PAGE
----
Papua New Guinea's Prime Minister, Peter O'Neill, says Australia and China should examine each other's models for assistance to the Pacific.
PNG is the second largest recipient of Australian aid after Indonesia, with the majority of it spent on good governance and health programs.
Mr O'Neil says most of the Australian aid currently goes towards health and education, while China's model of low-interest loans tends to target infrastructure.
He's told Australia Network's both countries could learn from the other's model.
"China doesn't invest in education, China doesn't invest in health programs in our country," he said.
"They invest in infrastructure through a loan scheme, which we need to build infrastructure...so I see these two programs as two separate programs.
"But I'm also trying to encourage the Chinese to engage in more aid." Australia gives $500 million in aid to PNG each year.
Mr O'Neill says he wants Australia's aid program to reflect his government's focus on rebuilding the country's crumbling infrastructure, including roads, airports and ports.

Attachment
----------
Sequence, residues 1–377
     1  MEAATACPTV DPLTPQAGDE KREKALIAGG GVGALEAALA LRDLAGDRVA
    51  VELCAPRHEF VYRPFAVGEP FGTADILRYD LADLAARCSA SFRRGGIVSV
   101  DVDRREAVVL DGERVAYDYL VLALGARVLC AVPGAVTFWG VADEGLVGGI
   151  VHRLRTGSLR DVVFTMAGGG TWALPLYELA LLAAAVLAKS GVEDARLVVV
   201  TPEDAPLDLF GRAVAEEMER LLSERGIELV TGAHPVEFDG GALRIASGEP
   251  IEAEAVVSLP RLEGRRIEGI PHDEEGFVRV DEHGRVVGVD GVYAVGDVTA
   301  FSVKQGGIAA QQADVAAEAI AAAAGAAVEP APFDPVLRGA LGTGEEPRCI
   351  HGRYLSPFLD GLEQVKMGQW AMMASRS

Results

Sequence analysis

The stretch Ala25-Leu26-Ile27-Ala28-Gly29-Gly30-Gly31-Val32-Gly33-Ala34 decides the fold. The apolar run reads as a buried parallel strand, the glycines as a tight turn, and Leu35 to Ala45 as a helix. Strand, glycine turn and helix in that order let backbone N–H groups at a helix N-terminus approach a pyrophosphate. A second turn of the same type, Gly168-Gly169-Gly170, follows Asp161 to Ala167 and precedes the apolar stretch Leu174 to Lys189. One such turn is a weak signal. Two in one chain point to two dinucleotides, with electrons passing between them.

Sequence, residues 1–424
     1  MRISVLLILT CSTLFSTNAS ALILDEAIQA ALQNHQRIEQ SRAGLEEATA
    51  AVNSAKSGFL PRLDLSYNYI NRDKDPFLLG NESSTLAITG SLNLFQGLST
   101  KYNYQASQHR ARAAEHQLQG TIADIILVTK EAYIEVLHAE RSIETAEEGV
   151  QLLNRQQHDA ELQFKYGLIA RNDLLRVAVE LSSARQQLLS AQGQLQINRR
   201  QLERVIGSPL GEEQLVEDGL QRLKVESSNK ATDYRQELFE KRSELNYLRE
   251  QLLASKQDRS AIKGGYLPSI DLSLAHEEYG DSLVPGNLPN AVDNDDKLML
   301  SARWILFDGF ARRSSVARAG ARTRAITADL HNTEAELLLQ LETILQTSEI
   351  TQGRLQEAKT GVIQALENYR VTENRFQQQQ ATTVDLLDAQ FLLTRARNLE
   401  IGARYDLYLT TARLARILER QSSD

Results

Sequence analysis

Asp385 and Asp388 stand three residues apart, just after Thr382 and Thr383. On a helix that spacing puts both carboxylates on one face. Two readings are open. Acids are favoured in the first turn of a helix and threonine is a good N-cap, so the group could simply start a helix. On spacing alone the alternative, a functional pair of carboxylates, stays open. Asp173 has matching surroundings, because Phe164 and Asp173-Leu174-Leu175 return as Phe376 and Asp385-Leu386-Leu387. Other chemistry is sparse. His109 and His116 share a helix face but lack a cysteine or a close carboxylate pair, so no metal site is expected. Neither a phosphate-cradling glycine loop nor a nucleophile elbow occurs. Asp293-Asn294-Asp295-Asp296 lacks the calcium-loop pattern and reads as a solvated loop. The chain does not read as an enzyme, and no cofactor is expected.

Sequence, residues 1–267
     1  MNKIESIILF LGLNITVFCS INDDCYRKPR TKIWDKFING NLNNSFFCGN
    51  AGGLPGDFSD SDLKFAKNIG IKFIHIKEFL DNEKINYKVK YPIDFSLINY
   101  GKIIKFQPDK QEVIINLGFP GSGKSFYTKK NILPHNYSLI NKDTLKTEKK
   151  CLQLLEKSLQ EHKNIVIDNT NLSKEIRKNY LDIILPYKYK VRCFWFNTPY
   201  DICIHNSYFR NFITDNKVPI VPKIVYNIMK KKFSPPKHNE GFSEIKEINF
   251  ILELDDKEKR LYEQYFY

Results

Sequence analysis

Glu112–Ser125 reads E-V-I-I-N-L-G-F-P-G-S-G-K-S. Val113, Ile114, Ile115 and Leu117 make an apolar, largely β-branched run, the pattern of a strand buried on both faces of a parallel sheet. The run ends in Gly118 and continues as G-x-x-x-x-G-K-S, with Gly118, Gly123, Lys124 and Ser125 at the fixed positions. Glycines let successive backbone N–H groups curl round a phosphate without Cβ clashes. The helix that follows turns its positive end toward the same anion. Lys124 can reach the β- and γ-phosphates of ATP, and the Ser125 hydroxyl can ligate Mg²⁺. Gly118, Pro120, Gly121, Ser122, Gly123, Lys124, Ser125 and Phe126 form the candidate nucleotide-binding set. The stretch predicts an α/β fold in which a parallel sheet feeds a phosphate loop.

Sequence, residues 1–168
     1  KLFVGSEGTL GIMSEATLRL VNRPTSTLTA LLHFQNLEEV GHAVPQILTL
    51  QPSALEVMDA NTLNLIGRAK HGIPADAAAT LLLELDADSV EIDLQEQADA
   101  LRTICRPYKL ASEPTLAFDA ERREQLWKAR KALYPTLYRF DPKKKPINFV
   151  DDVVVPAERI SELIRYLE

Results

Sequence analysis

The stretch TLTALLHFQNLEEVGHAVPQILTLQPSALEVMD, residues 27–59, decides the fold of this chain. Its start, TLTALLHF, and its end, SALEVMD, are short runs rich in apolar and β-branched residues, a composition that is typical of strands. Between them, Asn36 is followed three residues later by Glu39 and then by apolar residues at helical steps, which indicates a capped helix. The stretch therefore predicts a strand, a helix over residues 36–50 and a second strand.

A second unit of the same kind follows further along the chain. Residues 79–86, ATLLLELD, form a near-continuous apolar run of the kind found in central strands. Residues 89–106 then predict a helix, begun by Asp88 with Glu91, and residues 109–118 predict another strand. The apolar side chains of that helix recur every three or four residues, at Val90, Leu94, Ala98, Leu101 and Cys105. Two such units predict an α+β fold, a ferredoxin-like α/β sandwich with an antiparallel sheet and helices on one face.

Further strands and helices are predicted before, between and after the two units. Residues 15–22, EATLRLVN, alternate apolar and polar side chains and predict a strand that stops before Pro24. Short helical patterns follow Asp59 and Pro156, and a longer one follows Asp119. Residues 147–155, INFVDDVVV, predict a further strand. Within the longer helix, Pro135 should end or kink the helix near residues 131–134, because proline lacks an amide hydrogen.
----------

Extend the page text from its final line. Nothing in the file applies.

"We see that the Australian taxpayers also wanting some accountability and the AusAid program in Papua New Guinea, and they want to see visibility in the projects that they have done through these funds," he said.
"So we are talking to the Australian Government that we become partners in some of these major infrastructure programs that we are embarking on, so Australian taxpayers and also the Papua New Guineans can see projects that are visible.
"We are spreading the development program too thinly and although the program is very much appreciated, the effect of it is not being felt by the population of Papua New Guinea." Mr O'Neill says while there's substantial Australian investment in PNG's mining sector, he'd also like to see investment in sectors where there's little competition, like agriculture and construction.
He says he would also like to see more of the money and ownership from those projects stay in PNG.
"In terms of resource development, we would like to encourage partnership, rather than investing directly and taking full ownership of those programs and projects themselves," he said.